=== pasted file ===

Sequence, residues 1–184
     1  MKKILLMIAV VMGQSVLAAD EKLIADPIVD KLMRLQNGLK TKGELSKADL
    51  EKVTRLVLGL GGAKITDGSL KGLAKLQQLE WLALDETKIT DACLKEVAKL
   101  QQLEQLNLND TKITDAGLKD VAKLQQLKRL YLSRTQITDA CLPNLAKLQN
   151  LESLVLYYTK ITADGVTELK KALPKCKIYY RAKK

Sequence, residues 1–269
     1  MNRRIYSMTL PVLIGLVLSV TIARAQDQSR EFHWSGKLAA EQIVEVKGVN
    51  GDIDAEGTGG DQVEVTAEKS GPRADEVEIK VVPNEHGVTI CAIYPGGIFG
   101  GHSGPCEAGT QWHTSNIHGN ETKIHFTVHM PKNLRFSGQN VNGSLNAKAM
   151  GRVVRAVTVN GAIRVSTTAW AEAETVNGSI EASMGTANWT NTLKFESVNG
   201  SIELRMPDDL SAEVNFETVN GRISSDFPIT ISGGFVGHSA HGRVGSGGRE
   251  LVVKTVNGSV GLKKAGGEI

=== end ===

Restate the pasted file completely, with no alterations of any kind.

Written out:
Sequence, residues 1–184
     1  MKKILLMIAV VMGQSVLAAD EKLIADPIVD KLMRLQNGLK TKGELSKADL
    51  EKVTRLVLGL GGAKITDGSL KGLAKLQQLE WLALDETKIT DACLKEVAKL
   101  QQLEQLNLND TKITDAGLKD VAKLQQLKRL YLSRTQITDA CLPNLAKLQN
   151  LESLVLYYTK ITADGVTELK KALPKCKIYY RAKK

Sequence, residues 1–269
     1  MNRRIYSMTL PVLIGLVLSV TIARAQDQSR EFHWSGKLAA EQIVEVKGVN
    51  GDIDAEGTGG DQVEVTAEKS GPRADEVEIK VVPNEHGVTI CAIYPGGIFG
   101  GHSGPCEAGT QWHTSNIHGN ETKIHFTVHM PKNLRFSGQN VNGSLNAKAM
   151  GRVVRAVTVN GAIRVSTTAW AEAETVNGSI EASMGTANWT NTLKFESVNG
   201  SIELRMPDDL SAEVNFETVN GRISSDFPIT ISGGFVGHSA HGRVGSGGRE
   251  LVVKTVNGSV GLKKAGGEI